After the reopening of the miners’ riot case, in February 2015, which came about as a result of an ECHR decision, Petre Roman was no longer called to testify. His testimony given before a military prosecutor while he was Senate Speaker already exists.
Monica Macovei: “I repeatedly asked for the rapid finalization of investigations”
MEP Monica Macovei, former Justice Minister, warned in a message posted on Facebook that justice has not been served yet 25 years since the miners’ riot of June 13-15, 1990, and Romanians have the right to know their history and the guilty persons have to be punished.
“Romanians have the right to know their history. In June 1990 people were killed and beaten. The guilty ones have to be punished. I will insist a lot on finding out the truth. I have repeatedly asked, including Attorney General Tiberiu Nitu, for the rapid and credible finalization of investigations into the miners’ riot of June 13-15, 1990,” Monica Macovei wrote.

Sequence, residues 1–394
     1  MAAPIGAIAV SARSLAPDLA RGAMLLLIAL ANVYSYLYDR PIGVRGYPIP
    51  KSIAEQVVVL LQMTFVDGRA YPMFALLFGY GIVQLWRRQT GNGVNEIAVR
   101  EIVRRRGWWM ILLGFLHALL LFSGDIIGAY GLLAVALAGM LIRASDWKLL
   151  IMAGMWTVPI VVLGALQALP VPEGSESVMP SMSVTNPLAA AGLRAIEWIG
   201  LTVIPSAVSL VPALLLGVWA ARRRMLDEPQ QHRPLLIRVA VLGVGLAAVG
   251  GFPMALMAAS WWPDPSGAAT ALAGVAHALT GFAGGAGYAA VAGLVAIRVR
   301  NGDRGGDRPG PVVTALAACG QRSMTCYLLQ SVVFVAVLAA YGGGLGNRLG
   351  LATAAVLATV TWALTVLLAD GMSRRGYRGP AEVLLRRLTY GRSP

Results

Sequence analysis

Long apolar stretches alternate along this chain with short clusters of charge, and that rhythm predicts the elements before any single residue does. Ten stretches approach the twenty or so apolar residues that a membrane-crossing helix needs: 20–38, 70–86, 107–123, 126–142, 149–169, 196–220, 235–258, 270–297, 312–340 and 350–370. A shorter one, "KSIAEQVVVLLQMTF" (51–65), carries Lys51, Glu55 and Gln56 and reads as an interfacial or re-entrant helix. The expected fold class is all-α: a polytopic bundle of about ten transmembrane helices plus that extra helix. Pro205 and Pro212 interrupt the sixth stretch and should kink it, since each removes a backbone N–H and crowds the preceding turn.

She emphasized that “during the miners’ riot of June 13-15, 1990, as a prosecutor I refused to issue arrest warrants for protesters. Other prosecutors however did and subsequently I decided to release from criminal prosecution the protesters who had cases opened on their names.”
Laszlo Tokes: Those who committed the crimes of communism have to be held accountable before the judiciary
MEP Laszlo Tokes stated on Saturday that the setting up of a court for the crimes of communism has been discussed in Brussels, adding: “now we are close to the dismissal of UTC (Union of Communist Youth – editor’s note) member Victor Ponta and to holding Ion Iliescu accountable.” He added that he continues to support democracy and fights against “backward power,” adding that those who committed the crimes of communism should be held accountable before the judiciary. MEP Laszlo Tokes took part, at the invitation of the Timisoara Society, in a debate organized on the 25th commemoration of the events that took place in Bucharest.